Turkish court orders closure of independent news site Bianet

A Turkish court has ordered the blocking of news site Bianet. (Shutterstock)
Updated 06 August 2019

Turkish court orders closure of independent news site Bianet

  • An article on Bianet said more than 200,000 of its articles would be lost by the shutdown

ISTANBUL: A Turkish court has ordered the blocking of news site Bianet, known for its human rights coverage, on “national security” grounds, according to a decision published on Tuesday.

The decision also targeted 135 other online addresses including YouTube and DailyMotion videos, as well as the Twitter account of Kurdish Member of Parliament Oya Ersoy.

The court in Ankara said the decision — which followed a police request — would “protect ... national security and public order,” without explaining how.

Founded in Istanbul in 1997, Bianet is well-known in Turkey for its articles on human rights, violence against women and its exhaustive coverage of trials linked to freedom of expression. Its articles are published in Turkish, English and Kurdish.

“The decision has not even been transmitted to Bianet, we found out by chance,” the site’s lawyer, Meric Eyboglu, told AFP.

“We were able to confirm that the decision covers the entirety of the website — it will be totally blocked. The closure of the site could happen at any moment,” she said.

An article on Bianet said more than 200,000 of its articles would be lost by the shutdown.

The local chapter of Reporters Without Borders (RSF) decried the decision as “scandalous” and “totally arbitrary,” calling for it to be overturned.

Rights groups have regularly criticized the erosion of free speech in Turkey under President Recep Tayyip Erdogan, especially since a failed coup attempt in 2016 triggered a massive crackdown on government critics in the press and beyond.

Turkey is the only country apart from China to block Wikipedia, and was ranked 157th out of 180 countries for freedom of the press in the most recent RSF list.


Financial Action Task Force tightens screws on Tehran over terror financing

Updated 22 February 2020

Financial Action Task Force tightens screws on Tehran over terror financing

  • Watchdog says Iran failed to fulfill its promises to curb terror financing despite repeated warnings
  • Iran central bank chief Abdolnasser Hemmati said the decision will not affect the country

PARIS: An international agency monitoring terrorism funding announced tough new financial scrutiny of Iran on Friday and added seven countries to a watch list.

Pakistan, meanwhile, won a reprieve from the Financial Action Task Force at its meetings in Paris this week. The monitoring body gave Pakistan’s government another four months to crack down on terrorism financing and did not put the country on a damaging “black list.”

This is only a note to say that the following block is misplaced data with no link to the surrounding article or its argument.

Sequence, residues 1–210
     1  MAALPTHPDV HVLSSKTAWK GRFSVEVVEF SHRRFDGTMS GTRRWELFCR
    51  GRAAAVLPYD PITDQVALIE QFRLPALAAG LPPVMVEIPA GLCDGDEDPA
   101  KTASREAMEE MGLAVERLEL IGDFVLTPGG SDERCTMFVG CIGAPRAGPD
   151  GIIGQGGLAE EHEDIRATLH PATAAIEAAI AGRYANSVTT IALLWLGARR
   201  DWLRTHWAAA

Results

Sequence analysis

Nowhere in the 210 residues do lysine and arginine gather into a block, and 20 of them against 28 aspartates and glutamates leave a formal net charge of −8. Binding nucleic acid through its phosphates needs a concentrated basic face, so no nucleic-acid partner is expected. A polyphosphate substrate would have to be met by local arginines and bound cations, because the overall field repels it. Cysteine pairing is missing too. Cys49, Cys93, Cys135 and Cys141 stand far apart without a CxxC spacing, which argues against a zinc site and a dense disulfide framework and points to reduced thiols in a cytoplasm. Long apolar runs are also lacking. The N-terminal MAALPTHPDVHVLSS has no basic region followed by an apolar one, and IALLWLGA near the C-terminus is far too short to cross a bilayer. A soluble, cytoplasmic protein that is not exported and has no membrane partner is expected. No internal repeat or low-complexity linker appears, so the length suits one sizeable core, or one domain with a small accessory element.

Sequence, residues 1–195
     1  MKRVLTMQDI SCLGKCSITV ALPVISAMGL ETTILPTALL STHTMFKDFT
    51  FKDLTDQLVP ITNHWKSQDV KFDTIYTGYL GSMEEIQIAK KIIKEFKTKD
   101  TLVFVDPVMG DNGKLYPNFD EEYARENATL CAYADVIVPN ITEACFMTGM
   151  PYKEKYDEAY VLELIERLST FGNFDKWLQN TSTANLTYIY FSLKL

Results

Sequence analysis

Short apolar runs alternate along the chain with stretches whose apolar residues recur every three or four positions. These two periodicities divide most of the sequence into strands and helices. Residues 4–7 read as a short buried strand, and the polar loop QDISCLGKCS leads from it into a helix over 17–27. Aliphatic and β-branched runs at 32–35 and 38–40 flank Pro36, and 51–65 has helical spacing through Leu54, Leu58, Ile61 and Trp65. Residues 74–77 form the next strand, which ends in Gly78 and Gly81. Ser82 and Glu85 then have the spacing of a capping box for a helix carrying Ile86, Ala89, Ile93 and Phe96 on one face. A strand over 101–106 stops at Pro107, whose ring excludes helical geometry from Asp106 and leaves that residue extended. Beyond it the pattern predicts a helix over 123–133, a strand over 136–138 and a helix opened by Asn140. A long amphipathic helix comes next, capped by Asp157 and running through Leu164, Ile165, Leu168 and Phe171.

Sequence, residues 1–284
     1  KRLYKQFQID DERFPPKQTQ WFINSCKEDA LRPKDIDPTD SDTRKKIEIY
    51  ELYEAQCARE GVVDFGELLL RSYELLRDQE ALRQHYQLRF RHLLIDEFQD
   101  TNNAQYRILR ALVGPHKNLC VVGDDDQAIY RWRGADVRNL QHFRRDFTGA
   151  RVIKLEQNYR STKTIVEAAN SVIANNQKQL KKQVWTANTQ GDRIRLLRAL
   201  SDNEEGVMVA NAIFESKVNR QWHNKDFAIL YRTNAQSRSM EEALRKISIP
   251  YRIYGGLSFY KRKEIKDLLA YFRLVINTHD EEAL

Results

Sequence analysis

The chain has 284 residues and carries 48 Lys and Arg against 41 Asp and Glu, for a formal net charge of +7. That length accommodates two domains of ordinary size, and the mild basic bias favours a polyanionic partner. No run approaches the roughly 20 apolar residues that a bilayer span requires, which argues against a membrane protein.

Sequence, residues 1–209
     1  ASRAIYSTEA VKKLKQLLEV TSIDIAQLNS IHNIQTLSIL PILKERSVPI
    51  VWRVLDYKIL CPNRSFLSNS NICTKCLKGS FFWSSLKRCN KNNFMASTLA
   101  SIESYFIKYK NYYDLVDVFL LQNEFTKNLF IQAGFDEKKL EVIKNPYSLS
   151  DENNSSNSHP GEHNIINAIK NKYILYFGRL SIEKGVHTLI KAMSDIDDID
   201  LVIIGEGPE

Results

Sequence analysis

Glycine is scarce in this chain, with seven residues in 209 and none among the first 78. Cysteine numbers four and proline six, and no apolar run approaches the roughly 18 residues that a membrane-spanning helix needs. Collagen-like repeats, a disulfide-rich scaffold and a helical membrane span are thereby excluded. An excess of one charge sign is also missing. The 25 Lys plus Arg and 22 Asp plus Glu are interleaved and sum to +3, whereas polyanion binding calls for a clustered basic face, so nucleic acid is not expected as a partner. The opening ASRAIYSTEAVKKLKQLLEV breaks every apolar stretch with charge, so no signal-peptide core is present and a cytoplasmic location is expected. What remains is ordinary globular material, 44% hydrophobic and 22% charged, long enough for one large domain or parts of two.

Iran and North Korea are the only two countries currently on the agency’s black list. That means international financial transactions with those countries are closely scrutinized, making it costly and cumbersome to do business with them. International creditors can also place restrictions on lending to black-listed countries.

The FATF decided on Friday to further tighten the screws on Iran, imposing extra measures that could require audits or more transactions and make it even harder for foreign investors to do business there.

The group made the decision because Iran failed to fulfill its promises to the FATF despite repeated warnings. In a statement, the organization said that Iran hasn’t done enough to criminalize terrorist financing, require transparency in wire transfers or freeze terrorist assets targeted by UN sanctions.

The head of Iran’s central bank, Abdolnasser Hemmati, said the decision will not affect the country.

“Such incidents will create no problem for Iran’s foreign trade and currency,” he said in a statement. Hemmati said the FATF decision was based on the “enmity” of the US and Israel toward Iran.

Pakistan, meanwhile, has been trying to get off the FATF gray list, the color code for countries that are only partially fulfilling international rules for fighting terrorism financing and money laundering.

Pakistan’s government has been working to shore up the country’s faltering economy and attract foreign investment and loans, making the FATF’s assessment especially important.

The FATF said that Pakistan had fulfilled 14 of 27 steps to get off the watch list, but still must do more to track money transfers and investigate and prosecute terrorism financiers.

The Pakistani government said in a statement that it “stands committed for taking all necessary action required” to fulfill the remaining steps. “A strategy in this regard has been formulated and is being implemented.”

The Financial Action Task Force also put seven new countries on its gray list because of gaps or failures in stemming the financing of terrorist groups or money laundering. The countries — Albania, Barbados, Jamaica, Mauritius, Myanmar, Nicaragua and Uganda — were ordered to take a series of legal and other steps to be removed from the list and avoid further financial punishment.